Someone connected to the practice, often in the billing office, should review the fee schedule—at least annually—to ensure that services aren’t being billed below the rate allowed by payors.
Negotiated Rates Paid by Commercial Insurance
Some hospitalist groups are able to negotiate higher payments than the typical rates paid by commercial payors. Because commercial insurance is a relatively small portion of most hospitalists’ payor mix, this might not have a large impact on the overall practice finances. So my sense is that most groups don’t pursue this opportunity.
Groups in markets with significant managed care are an exception. They usually are aggressive in negotiations for commercial payor rates.
Some hospital-employed HM groups might end up with lower commercial rates than they could have. Here is how it might happen: A hospital negotiates with Aetna to pay rates for hospital services (the bills submitted by the hospital, not the physician bills) that are attractive to the hospital. To make this proposal more palatable to Aetna, the hospital says it will accept lower rates for its employed physicians, including hospitalists. So the hospitalists’ collections end up lower, and the support paid by the hospital to the hospitalist group is correspondingly higher. The hospital ends up fine in this scenario, because it is being paid an attractive rate by Aetna for hospital services, but the hospitalist practice appears to be underperforming financially.
It is worth knowing if this is an issue at your practice, but in most cases it won’t explain larger problems in the hospitalist budget or amount of support required from the hospital.
Budgets and financial statements can be confusing, and revenues and expenses might not be what you expect. For example, in my practice, auditors told our accountants that we needed to accrue an extra month of salary into this year’s budget. So when looking at our fiscal year-end financial statement, the salary expense is for 13 months instead of 12 months. This quirk made it appear that we required more than the budgeted amount of support from our hospital, when in fact we performed better than budget this year.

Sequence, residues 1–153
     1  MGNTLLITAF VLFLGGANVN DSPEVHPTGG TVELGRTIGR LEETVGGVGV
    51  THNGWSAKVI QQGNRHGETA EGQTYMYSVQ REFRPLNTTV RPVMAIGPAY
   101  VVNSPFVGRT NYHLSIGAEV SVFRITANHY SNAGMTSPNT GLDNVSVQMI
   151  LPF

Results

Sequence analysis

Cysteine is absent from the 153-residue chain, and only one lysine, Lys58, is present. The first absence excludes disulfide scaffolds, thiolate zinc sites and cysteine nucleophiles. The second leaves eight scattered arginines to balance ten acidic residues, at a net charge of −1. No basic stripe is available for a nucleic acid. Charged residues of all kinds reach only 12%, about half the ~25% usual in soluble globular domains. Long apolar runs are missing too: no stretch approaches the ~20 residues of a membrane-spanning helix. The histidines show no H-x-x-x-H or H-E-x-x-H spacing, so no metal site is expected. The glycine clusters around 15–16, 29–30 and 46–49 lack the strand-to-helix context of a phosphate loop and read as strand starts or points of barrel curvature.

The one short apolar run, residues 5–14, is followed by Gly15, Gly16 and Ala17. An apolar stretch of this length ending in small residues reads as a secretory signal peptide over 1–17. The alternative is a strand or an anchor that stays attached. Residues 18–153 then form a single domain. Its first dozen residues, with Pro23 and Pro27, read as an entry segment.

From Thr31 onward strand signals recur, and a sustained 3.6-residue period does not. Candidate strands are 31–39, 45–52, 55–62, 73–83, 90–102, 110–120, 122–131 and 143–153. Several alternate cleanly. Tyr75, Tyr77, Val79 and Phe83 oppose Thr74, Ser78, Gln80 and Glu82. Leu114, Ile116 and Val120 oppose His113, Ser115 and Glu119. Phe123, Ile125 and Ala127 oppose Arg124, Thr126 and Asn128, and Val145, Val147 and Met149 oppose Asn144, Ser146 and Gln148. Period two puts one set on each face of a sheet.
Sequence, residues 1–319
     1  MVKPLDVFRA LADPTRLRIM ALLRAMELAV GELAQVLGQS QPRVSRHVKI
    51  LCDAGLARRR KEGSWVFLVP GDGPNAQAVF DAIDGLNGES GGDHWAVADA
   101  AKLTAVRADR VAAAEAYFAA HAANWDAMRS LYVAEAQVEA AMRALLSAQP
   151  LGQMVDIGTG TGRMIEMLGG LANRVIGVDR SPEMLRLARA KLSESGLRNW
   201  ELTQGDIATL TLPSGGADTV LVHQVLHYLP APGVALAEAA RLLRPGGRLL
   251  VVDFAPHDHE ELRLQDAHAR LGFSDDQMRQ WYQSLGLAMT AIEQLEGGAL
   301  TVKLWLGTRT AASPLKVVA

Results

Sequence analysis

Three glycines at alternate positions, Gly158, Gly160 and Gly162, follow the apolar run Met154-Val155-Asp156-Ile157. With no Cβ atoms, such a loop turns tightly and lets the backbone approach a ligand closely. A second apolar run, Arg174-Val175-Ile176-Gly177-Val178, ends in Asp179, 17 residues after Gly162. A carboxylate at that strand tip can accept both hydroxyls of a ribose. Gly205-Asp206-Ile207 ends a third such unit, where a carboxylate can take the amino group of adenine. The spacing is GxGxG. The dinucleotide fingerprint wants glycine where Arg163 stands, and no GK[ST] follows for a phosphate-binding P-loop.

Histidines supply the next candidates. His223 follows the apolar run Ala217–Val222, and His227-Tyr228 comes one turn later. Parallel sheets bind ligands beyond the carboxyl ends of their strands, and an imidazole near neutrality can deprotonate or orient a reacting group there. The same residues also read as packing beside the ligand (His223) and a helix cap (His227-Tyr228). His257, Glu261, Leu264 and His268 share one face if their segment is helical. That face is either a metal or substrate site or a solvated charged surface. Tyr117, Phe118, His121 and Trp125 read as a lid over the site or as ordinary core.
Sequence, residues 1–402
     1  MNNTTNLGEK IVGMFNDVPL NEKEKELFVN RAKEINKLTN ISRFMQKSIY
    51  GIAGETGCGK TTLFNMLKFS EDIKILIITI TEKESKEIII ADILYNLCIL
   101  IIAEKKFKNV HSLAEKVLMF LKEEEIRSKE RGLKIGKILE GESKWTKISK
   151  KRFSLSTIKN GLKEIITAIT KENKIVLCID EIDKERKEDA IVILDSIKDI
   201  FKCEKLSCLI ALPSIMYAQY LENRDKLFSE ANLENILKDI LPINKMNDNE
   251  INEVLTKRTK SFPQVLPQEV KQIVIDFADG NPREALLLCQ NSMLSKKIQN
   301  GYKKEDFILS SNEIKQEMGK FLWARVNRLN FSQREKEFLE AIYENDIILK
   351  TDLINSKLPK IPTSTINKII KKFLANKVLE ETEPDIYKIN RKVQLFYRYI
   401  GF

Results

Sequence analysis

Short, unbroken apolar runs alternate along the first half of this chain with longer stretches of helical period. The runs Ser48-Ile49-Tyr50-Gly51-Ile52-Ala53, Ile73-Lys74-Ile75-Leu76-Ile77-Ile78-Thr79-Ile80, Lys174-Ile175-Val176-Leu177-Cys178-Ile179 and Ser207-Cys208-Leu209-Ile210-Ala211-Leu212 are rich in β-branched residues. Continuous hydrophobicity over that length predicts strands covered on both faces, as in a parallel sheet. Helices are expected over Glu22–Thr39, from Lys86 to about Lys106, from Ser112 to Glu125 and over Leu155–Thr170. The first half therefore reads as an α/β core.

I certainly can’t explain all the reasons for unusual accounting issues, and I still struggle to understand why accrual accounting is better than cash-basis accounting. My best advice is to have the lead hospitalist in your group get to know the accountant who handles your budget and financial statements. The accountant should explain all of these issues clearly.
In next month’s column, I’ll review how a hospitalist practice’s internal operations, such as staffing and scheduling, can have a major influence on the budget and the amount of support required from the hospital. TH
Dr. Nelson has been a practicing hospitalist since 1988 and is co-founder and past president of SHM. He is a principal in Nelson Flores Hospital Medicine Consultants, a national hospitalist practice management consulting firm (www.nelsonflores.com). He is also course co-director and faculty for SHM’s “Best Practices in Managing a Hospital Medicine Program.” This column represents his views and is not intended to reflect an official position of SHM.
- Centers for Medicare and Medicaid Services. Improper medicare fee-for-service payments report, November 2006: long report. CMS Web site. Available at: www.cms.hhs.gov/apps/er_report/preview_er_report_print.asp?from=public&which=long&reportID=5. Accessed Sept. 1, 2009.